The focus remains on weather forecasts for the greater Midwest, the east Corn Belt needs rain, the west does not, especially the Red River Valley region. If Friday's NWS 6-10 day weather forecast were the only fundamental traded on Monday's open, futures would likely be lower. However we are dealing with weather forecast between June 1 through Sept which are extremely difficult to predict day by day, hour by hour.
As you can see within this weeks volatility, markets change as frequently as the weather does. Of course, the USDA will add to volatility with the release of its June crop production and world agriculture supply and demand report. Of key importance will be projected end stocks for old and new crop.
Conditions to Projected Yield: Allendale research suggest based on the most recent crop condition report the representative corn yield is estimated at 150.8 bushels per acre. This suggest corn production of 12.397 bil bu collected from 90.45 million acres planted. The condition yield compares to Allendale's projected yield of 149.79 bu per acre with production estimated at 12.314 billion bushels. These production estimates compare to USDA's May crop production estimate of 12.460 billion bushels and using its 150.3 bpa.
One Question: a subscriber to the Allendale Advisory Report ask "is there a correlation between crop conditions improvement or erosion of good to excellent conditions between monthly USDA report releases and USDA crop production estimates?" Allendale has researched this questions and can advise, no there is not a healthy correlation between conditions and production between the monthly USDA crop production reports.
There have been incidents where crop conditions have eroded for successive weeks from one months report to the next and have crop productions estimates remain unchanged and in cases actually increase. We do not place a great deal of faith into comparing weekly condition reports from USDA and what USDA actually releases for crop production the following month. We do appreciate the question and hope others will be able to benefit from the question and answer.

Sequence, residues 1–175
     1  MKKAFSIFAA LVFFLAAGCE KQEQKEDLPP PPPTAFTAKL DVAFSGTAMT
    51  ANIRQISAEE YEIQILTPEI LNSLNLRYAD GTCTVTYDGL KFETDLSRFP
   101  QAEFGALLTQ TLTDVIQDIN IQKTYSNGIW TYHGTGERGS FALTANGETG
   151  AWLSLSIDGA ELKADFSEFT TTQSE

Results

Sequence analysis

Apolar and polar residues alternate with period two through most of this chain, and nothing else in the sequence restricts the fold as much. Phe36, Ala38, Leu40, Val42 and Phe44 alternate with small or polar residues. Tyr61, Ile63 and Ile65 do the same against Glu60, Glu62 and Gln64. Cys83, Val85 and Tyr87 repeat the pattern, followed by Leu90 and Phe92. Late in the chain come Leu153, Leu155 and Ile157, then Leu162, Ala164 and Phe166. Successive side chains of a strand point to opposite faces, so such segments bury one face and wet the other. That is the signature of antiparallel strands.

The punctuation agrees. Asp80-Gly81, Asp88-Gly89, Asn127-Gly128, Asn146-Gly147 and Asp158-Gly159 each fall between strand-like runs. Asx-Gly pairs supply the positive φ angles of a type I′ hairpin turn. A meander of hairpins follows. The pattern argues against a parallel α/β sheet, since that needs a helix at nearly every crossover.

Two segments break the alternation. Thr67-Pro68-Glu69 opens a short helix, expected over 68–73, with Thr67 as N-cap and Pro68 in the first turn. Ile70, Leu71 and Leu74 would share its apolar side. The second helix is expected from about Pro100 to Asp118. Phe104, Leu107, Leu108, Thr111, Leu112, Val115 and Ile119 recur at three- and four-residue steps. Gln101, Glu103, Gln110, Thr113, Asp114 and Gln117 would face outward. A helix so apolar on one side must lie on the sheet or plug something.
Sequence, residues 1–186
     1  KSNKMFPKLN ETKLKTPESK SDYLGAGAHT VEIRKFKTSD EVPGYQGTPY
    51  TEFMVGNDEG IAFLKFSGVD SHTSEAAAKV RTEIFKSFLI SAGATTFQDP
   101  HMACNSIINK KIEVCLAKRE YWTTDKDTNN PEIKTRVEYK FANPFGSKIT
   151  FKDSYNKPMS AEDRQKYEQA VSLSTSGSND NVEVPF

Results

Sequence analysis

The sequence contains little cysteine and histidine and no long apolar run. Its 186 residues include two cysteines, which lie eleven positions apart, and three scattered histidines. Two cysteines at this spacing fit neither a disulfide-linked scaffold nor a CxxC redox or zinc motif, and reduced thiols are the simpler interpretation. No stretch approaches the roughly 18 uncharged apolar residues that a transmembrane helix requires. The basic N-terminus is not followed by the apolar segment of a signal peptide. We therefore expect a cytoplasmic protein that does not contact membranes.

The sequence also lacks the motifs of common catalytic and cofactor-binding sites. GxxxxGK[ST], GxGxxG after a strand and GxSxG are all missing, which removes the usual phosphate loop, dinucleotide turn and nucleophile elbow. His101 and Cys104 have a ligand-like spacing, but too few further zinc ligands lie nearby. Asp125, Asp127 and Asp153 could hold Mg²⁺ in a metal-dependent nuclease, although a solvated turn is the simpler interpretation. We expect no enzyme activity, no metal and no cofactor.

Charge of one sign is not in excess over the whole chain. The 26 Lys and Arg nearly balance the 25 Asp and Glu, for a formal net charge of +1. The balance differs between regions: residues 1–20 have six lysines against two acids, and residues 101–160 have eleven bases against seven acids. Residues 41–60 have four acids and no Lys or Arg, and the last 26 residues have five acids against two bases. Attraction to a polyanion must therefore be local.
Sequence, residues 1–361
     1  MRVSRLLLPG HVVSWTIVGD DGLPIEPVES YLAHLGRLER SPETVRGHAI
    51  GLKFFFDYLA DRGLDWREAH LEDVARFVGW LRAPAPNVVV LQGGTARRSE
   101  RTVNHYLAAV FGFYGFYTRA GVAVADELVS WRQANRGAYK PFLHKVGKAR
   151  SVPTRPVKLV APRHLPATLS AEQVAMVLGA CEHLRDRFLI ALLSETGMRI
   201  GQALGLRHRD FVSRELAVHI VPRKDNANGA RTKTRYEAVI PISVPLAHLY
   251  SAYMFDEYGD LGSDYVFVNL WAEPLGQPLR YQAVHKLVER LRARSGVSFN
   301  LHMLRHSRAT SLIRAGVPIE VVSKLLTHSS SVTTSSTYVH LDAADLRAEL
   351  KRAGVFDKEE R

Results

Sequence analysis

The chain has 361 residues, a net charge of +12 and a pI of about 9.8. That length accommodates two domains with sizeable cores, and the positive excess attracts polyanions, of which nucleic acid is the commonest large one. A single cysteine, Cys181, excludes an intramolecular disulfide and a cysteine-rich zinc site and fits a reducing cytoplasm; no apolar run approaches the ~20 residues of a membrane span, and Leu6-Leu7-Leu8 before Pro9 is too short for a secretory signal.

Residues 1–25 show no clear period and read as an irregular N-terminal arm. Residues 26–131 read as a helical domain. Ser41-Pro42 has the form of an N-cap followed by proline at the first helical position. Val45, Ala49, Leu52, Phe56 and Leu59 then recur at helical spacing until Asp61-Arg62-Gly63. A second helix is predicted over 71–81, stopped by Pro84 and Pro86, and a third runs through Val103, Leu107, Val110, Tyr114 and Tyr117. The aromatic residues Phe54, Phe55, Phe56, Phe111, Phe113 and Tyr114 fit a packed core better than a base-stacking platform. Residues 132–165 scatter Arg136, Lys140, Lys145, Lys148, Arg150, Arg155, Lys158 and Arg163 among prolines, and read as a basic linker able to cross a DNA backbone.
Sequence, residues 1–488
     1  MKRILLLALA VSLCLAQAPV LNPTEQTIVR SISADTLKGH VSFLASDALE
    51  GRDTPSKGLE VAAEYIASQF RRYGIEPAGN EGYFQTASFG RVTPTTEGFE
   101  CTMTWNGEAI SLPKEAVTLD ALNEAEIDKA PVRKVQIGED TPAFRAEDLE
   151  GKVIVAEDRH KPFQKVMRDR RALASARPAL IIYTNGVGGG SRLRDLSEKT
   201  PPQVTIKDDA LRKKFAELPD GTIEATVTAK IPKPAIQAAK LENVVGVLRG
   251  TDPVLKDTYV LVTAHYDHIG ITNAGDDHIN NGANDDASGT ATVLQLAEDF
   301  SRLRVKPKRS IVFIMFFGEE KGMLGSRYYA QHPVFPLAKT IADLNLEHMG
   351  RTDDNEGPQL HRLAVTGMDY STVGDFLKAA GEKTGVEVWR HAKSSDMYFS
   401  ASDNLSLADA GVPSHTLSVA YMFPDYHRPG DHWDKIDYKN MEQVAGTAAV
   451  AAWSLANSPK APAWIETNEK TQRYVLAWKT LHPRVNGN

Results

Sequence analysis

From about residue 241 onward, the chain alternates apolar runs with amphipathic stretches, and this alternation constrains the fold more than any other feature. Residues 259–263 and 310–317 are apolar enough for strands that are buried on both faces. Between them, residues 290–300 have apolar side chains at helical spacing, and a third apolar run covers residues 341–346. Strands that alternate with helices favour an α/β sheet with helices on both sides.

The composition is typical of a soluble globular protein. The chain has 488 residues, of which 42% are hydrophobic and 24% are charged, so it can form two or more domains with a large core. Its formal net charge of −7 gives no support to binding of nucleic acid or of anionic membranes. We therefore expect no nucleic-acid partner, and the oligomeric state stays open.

Observation: Thursday morning was the last remaining week of reporting for the 2006-07 wheat crop sales. The wheat which is donated report is incomplete. With the partial data available, the worst case scenario suggest 33.5 mil bu of 2006-07 crop will need to be carried into the 2007-08 marketing year. USDA may not be willing to increase export potential for soybeans even though only 14.98 million bushels of soybeans need to be sold over a span of the next 14 weeks before the marketing year comes to a close. Provided the present pace of corn sales for 2006-07, USDA corn export target could reach 2.274 bil bu, better than its present target of 2 billion bu. 2007-08 corn sales are running 5.52 times better than yr earlier levels. New crop soybean sales are running 1.53 times stronger than year earlier levels.
Trade Posture: short term we are willing to trade the technical trade range for corn as its transitions away from planting progress talk to weather related early growth talk, 3-5 day forecast and technical trade. Demand remains good for corn with the exception of corn used for ethanol. Technically we remain neutral to futures until they breaks out of its present range of trade of 3650 to 3964. We are neutral to new crop futures until Dec futures can break out of its trade range of 3630-3920. At present we remain short Dec futures and on Wednesday reached our objective for our short July corn futures position. Please see our Grain Trading Strategies page for complete details.